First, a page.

Eggner’s Ferry Bridge, Kentucky

Eggner’s Ferry Bridge

Eggner’s Ferry Bridge
Spans Kentucky Lake
Lanes 2×2
Total length 1,065 meters
Main span 112 meters
Bridge deck height ? meter
Opening 25-03-1932 / 08-04-2016
Traffic intensity 2,900 mvt/day
Location Map

According to iamaccepted, the Eggner’s Ferry Bridge is an arch bridge in the United States, located in the state of Kentucky. The bridge spans Kentucky Lake in the western part of the state.


Eggner’s Ferry Bridge is a steel arch bridge with two arches that bend towards the center and guyed in a network. The bridge has a clearance of 153 meters and a vertical clearance of 18 metres. The bridge deck is 22.5 meters wide, with 2×2 lanes and a bicycle/footpath. US 68 and State Route 80 cross the bridge. Alternative bridges are more than 20 miles away. The bridge is toll-free.


The Eggner’s Ferry Bridge (1932-2016).

Original Bridge (1932)

The bridge opened to traffic on March 25, 1932, spanning the Tennessee River. The original bridge was a 1,065-meter steel truss bridge with a main span of 112 meters. The bridge had two narrow lanes. Later in the 1930s, plans were made to dam the Tennessee River about 20 miles north of the bridge, creating Kentucky Lake, the largest reservoir in the eastern United States. When the dam was largely completed in 1943, the bridge was temporarily closed to raise the bridge piers, and thus adjust the bridge to the new water level. There was a ferry service temporarily. The bridge reopened in February 1944, and the dam was completed shortly after.

Collapse (2012)

On January 26, 2012, there was a collision with the bridge, and one of the main spans collapsed into the water. There were no injuries, but some vehicles were able to stop just in time. The bridge was then repaired in four months and was reopened on May 25, 2012. The detour during the closure was 60 kilometers.

Replacement (2016)

A replacement of the bridge had already been planned before the collision due to the age of the bridge, which was 70 years old at the time of the collision. The replacement was originally planned for 2017, but has been accelerated between early 2014 and early 2016. The new bridge opened to traffic on April 8, 2016. The new bridge has 2×2 lanes and cost $131 million. The project coincided with the replacement of the Henry Lawrence Memorial Bridge over Lake Barkley, 12 kilometers to the east. Both bridges have an identical design and dimensions. The new bridge is a network arch bridge with a passage width of 153 meters. On July 25, 2016, the old bridge was blown up.

Traffic intensities

2,900 vehicles cross the bridge every day.

Hal Rogers Parkway

HR 9006
Get started London
End Hazard
Length 91 mi
Length 147 km



Big Creek




According to, the Hal Rogers Parkway is a parkway in the United States, located in the state of Kentucky. The road forms a super two in southeastern Kentucky, from Somerset via London to Hazard and is 147 kilometers long.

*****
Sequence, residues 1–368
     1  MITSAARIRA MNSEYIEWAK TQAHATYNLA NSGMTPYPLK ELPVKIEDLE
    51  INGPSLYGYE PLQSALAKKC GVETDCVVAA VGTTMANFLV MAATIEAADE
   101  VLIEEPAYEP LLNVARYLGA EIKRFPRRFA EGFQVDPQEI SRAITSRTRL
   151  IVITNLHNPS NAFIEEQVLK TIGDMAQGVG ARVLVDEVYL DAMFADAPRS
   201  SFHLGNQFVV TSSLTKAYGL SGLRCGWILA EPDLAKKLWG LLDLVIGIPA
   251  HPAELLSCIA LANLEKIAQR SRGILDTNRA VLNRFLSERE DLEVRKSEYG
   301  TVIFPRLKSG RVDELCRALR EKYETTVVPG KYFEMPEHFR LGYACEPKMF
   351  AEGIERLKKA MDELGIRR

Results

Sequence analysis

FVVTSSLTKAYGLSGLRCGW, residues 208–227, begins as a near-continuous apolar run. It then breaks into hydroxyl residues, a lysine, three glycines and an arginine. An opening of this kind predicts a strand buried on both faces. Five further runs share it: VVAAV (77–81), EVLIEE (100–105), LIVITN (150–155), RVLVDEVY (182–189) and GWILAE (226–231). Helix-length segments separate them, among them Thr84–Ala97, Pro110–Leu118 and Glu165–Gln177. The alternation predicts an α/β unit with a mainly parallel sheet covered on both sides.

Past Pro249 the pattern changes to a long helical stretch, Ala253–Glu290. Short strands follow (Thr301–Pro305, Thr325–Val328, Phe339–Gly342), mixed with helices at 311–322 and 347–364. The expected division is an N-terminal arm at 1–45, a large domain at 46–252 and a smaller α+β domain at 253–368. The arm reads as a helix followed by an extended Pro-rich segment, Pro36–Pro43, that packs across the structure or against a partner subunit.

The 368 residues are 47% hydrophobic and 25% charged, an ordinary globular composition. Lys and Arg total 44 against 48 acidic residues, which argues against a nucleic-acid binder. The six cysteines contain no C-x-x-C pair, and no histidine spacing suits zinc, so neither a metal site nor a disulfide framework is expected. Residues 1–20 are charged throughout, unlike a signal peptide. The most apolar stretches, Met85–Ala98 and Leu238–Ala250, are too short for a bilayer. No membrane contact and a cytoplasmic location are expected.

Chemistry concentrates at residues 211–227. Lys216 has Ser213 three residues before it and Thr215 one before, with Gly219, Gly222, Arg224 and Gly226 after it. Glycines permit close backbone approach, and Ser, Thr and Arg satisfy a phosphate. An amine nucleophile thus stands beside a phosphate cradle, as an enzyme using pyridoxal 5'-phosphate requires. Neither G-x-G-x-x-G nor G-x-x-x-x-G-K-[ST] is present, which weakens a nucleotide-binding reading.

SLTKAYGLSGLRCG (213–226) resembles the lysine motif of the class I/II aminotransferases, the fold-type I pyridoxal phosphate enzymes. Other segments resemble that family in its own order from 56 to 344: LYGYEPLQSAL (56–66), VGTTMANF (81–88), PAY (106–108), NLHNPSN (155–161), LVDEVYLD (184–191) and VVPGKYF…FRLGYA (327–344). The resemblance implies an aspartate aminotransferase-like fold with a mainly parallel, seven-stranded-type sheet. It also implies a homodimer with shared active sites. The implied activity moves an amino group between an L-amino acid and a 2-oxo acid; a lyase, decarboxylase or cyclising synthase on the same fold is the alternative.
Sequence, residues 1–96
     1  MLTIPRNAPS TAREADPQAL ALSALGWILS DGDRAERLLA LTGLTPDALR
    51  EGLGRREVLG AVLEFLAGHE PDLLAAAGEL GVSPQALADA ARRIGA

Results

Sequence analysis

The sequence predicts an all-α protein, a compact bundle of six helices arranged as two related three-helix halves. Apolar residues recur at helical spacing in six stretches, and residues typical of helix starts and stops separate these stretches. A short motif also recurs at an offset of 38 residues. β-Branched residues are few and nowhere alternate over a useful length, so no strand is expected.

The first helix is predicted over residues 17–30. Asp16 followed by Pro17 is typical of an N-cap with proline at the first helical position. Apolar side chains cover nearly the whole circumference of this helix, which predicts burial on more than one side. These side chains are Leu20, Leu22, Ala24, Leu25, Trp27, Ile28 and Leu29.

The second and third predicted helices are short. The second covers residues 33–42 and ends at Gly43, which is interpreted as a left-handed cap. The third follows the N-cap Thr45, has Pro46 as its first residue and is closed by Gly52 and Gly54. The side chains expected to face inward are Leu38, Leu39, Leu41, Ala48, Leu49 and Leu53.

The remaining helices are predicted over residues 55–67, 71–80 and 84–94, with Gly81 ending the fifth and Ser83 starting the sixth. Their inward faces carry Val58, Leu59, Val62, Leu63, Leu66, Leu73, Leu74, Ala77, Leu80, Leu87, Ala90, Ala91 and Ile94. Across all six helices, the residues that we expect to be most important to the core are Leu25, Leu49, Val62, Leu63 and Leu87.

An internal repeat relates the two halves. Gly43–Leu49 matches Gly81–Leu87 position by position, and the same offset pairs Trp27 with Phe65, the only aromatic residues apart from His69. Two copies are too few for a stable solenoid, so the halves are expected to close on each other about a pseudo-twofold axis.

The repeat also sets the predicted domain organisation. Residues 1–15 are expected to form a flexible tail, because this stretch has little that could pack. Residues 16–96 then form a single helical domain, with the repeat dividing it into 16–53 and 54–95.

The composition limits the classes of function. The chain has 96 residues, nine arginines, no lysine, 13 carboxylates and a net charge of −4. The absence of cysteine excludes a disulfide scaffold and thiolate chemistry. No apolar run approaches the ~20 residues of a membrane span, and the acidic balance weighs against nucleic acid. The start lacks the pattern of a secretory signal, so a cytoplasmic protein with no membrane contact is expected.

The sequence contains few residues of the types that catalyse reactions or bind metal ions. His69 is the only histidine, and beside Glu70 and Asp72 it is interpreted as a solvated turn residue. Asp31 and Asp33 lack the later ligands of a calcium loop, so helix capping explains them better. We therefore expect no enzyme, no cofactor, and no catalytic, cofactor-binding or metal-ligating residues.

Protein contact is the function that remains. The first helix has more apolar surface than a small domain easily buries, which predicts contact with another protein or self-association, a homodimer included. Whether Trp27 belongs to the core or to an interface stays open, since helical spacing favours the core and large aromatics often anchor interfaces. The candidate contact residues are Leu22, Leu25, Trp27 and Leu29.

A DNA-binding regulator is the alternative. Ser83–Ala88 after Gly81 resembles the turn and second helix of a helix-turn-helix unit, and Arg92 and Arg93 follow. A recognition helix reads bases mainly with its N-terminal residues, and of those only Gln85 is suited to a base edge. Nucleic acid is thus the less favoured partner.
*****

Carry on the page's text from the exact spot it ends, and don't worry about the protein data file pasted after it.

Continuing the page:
Travel directions

The Hal Rogers Parkway begins as part of State Route 80 and runs for 50 kilometers from Somerset to London. This part is a single-storey road that partly has 2×2 lanes. The Hal Rogers Parkway then forms the northern bypass of the regional town of London in southeastern Kentucky. Here is a connection to Interstate 75. The road then heads east and is a super two. It is actually a limited-access road, with very few intersections and occasional grade separated connections. The road leads through strongly hilly and densely wooded area, with narrow valleys. There are only a few villages along the route. The road turns into State Route 80 at Hazard, a 2×2 divided highway to Pikeville.


The Hal Rogers Parkway opened to traffic in November 1971 as a toll road between London and Hazard. A grade-separated bypass of London was originally planned, but it was never built. The parkway was originally called the Daniel Boone Parkway, but was renamed in 2003 after Hal Rogers (1937), a US congressman who was instrumental in paying the toll. The road also became toll-free in 2003.

The Hal Rogers Parkway is the only parkway and former turnpike in Kentucky to be a super two. Other parkways are actually freeways.

The original Hal Rogers Parkway began in London, in 2015 the route was extended westward on existing State Route 80 to Somerset, where it connects to the Cumberland Parkway. This created a longer east-west connection called the ‘parkway’, although in practice this has highly variable design standards.


The Hal Rogers Parkway is seen as part of the future Interstate 66, which is to form an east-west highway through southern Kentucky.

Traffic intensities

7,800 vehicles and 5,300 vehicles between Manchester and Hazard run daily between London and Manchester.

Hal Rogers Parkway